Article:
Moving ahead is the aim of life. Horton Bucks is on the road, but his destination is spiritually “behind” him. From the West, he is heading into the past—in his case, rural Missouri, for the occasion of his mother’s funeral. He will be reunited with his younger brother, Stanton, his father, Gus, and a girl whom he repeatedly raped when she was 12 and he was 18—although “rape” is still not how he thinks of it. After all, Leslie enjoyed giving him those blow-jobs, didn’t she? Horton cannot conceive of himself as having to any degree sexually exploited the child that Leslie once was and thus misses the connection between this patch of the past and two matters in the present: Leslie’s augmentation of her salary and tips as a barmaid by the fellatio she regularly sells on the side in the same establishment; the drunken rape to which Horton subjects her after Leslie has taken him into her home. (The rape is elliptically presented—as is every bit of violence, including two ax murders, in this film.) But won’t things get better? Isn’t Stanton’s infant girl a patch of the future that Horton, a solitary drifter, finds in his welcoming arms? Only, we glean that the anonymous child isn’t really Horton’s niece but, rather, part of a hidden scheme that has been engineered by Horton’s drug- and alcohol-stewed father. Horton calls her “Bubba,” which is what Gus used to call him; and she cries and cries, as Gus assures Horton he once did. In a way, this baby is Horton’s “destination”: yet another image of his past, but one whose exquisite beauty radiates illusions of progress, hopefulness, redemption. Horton is going nowhere all over again.
Bubba Moon Face—the poignant title enjoins the nicknames that the Bucks brothers give the otherwise anonymous infant—is an independent film that identifies loose ends in a segment of working-class America with dead-ends. Blake Eckard wrote, produced, directed and edited, achieving his richest piece of work thus far. (I’ve written on this blog about three earlier films by Eckard.) It cries out for the spirituality that seems to have been squeezed out of part of the American bloodstream. It passionately advocates for Bubba Moon Face. It agitates the viewer’s soul.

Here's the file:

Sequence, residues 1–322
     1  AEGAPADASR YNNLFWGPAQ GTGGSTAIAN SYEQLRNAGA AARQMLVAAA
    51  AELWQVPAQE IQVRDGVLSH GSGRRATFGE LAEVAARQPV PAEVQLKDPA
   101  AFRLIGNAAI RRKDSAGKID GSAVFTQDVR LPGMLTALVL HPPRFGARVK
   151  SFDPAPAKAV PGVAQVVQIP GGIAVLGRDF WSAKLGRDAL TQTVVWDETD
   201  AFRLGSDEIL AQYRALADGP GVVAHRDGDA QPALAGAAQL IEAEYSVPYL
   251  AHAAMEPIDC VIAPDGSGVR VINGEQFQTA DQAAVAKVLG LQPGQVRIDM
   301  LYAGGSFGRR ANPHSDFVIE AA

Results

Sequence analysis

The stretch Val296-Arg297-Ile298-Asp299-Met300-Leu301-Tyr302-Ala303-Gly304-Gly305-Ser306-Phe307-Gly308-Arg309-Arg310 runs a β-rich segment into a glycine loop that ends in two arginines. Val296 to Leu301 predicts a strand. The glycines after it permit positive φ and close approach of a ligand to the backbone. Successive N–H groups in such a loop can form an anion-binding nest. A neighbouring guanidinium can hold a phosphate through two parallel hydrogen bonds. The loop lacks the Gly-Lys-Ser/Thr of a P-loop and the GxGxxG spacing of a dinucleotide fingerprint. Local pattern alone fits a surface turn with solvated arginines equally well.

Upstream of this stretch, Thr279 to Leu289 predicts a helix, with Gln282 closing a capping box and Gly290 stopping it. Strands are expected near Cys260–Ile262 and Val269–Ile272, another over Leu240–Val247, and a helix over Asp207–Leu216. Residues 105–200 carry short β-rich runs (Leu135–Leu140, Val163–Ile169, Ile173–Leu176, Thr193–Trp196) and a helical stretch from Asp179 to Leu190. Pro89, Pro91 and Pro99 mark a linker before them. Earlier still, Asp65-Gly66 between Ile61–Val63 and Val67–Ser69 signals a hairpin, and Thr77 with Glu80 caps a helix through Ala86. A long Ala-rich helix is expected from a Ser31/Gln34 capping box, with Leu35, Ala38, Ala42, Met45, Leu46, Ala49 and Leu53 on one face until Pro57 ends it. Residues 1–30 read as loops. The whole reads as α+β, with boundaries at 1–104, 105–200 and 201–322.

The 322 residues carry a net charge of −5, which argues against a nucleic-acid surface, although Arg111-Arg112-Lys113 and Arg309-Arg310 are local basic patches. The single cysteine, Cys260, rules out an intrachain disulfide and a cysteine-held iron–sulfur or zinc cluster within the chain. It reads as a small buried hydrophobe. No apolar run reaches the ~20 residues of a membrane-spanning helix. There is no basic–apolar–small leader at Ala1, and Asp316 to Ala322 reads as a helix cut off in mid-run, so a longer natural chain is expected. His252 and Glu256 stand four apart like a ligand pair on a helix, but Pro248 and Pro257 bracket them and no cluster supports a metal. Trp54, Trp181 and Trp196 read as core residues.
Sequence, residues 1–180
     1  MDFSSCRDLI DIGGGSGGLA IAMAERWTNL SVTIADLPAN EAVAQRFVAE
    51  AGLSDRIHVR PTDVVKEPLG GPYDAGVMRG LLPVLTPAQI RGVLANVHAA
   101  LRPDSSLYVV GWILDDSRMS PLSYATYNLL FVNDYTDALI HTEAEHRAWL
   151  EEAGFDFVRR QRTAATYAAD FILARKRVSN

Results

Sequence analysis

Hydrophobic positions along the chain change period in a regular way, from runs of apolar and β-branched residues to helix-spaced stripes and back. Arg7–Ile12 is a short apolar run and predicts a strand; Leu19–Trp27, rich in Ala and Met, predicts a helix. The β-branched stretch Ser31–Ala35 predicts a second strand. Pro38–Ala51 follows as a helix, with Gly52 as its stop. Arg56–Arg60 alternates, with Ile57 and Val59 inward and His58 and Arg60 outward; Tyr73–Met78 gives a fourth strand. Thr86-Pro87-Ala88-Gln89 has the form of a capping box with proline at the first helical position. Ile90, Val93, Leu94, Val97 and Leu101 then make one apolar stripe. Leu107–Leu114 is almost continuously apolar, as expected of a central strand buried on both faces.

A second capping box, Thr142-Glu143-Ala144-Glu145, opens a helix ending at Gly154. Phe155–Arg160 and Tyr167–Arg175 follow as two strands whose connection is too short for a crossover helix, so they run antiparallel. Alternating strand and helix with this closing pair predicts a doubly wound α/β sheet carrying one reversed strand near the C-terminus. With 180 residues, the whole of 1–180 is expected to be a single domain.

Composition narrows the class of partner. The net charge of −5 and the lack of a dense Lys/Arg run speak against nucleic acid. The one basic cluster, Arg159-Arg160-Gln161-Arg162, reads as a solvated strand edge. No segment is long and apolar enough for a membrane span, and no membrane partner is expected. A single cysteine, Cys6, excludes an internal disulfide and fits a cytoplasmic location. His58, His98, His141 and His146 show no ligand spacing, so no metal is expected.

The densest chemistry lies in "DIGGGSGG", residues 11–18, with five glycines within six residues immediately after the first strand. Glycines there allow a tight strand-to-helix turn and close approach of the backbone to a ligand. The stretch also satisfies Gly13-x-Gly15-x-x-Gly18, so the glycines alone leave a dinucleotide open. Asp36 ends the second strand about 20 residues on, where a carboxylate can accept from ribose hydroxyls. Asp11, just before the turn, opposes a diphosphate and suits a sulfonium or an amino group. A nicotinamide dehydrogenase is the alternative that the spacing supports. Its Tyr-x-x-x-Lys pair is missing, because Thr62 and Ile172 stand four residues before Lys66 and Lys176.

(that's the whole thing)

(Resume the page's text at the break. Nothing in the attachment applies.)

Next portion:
The pre-credit opening is concise. A withdrawing camera in front of a solitary moving car—Horton’s car—establishes openness and fluidity, the grace of motion and of possibility in the American landscape. This impression is undercut by the cut to Horton inside the car, at the wheel. Now the space is claustrophobic, but at least the car is still in motion. A series of landscape “snapshots” erases the impression of such motion, implicitly trapping Horton (and Eckard, and us) in flashes of Horton’s memory. Horton’s car itself, broken down and suddenly incapable of motion, completes the series; the unexpected shift from daylight to darkness, besides predicting the film’s “destination” (Bubba Moon Face largely becomes a film of the night), makes all the more dramatic the shift from working, moving vehicle to one in need of urgent repair. Temporarily at least, Horton will be “trapped” in his home town, his past, while waiting for the repair of his car. (Eventually, even the repair cannot overturn this entrapment of his.) Implicitly and figuratively, Eckard has added Horton to the series of static, confining “snapshots.”
These place-images—indeed, the whole juxtaposition of motion and stasis that these become a part of—are part of the signature of Jon Jost’s cinema that Eckard, Jost’s former student, has borrowed for his own purposes. Metaphorically, they denote here the dead-end into which the ideas of American progress and rugged individualism have fallen. Throughout, the principal cinematic influence is not Jost, however, but David Lynch, as the Buckses and assorted “girlfriends” are shown to be both weird and desperate, and are ever more firmly enrobed in voluminous darkness, in the futile dead-end of small-town American life. Like alcohol and drugs, sex numbs, releasing individuals, briefly, from the dissatisfaction engendered by life’s emptiness and monotony while at the same time repeating and confirming this emptiness and monotony.